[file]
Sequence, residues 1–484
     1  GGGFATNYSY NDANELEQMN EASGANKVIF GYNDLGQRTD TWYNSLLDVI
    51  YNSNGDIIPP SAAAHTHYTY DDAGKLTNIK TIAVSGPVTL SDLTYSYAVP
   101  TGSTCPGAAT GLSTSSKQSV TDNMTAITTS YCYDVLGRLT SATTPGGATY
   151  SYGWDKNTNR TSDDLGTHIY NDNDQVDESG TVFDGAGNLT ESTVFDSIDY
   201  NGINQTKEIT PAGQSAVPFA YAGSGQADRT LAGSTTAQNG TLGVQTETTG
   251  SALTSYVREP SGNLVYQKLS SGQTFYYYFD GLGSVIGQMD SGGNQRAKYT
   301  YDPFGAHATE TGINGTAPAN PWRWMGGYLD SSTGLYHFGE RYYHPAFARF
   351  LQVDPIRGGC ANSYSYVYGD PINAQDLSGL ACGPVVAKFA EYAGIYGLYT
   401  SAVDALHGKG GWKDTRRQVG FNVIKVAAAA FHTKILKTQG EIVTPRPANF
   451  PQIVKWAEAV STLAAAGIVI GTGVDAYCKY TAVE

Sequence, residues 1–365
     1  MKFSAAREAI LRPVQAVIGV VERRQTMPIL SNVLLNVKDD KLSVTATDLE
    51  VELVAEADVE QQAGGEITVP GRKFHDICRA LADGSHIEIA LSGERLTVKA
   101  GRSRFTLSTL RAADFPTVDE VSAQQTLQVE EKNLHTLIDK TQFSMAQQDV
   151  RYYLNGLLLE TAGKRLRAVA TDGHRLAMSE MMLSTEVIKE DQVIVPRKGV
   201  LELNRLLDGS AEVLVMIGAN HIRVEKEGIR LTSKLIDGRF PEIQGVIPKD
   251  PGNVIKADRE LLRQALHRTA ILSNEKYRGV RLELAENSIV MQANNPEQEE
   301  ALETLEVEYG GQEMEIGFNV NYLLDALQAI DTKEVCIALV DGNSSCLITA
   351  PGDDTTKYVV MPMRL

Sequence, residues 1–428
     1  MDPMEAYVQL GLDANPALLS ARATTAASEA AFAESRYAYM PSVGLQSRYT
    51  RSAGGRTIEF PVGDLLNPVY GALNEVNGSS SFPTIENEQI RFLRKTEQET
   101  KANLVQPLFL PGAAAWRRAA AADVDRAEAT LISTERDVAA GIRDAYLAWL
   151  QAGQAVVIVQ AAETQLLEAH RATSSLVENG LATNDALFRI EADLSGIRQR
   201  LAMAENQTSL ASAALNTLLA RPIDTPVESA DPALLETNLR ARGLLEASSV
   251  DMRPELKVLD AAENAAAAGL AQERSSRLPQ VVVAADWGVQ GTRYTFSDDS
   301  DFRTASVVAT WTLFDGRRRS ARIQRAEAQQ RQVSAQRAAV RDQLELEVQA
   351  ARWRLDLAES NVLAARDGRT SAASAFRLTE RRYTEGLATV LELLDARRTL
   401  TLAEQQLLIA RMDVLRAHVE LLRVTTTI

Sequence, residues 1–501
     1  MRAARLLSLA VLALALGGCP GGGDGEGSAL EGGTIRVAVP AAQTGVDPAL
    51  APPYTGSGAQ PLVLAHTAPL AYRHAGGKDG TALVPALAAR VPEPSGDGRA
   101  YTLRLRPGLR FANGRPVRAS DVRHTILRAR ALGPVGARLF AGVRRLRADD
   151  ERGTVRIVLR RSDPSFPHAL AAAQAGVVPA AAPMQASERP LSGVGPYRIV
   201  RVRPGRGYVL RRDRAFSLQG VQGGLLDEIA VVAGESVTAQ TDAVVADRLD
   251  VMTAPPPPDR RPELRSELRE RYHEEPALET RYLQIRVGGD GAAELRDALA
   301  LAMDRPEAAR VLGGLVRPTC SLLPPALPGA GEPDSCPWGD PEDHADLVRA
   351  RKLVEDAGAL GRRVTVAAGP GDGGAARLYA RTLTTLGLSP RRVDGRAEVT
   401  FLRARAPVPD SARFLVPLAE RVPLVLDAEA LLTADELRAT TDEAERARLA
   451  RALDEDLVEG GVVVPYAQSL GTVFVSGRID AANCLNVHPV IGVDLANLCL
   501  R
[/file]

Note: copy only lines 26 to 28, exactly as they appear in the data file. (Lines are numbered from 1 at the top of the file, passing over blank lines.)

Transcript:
   201  LAMAENQTSL ASAALNTLLA RPIDTPVESA DPALLETNLR ARGLLEASSV
   251  DMRPELKVLD AAENAAAAGL AQERSSRLPQ VVVAADWGVQ GTRYTFSDDS
   301  DFRTASVVAT WTLFDGRRRS ARIQRAEAQQ RQVSAQRAAV RDQLELEVQA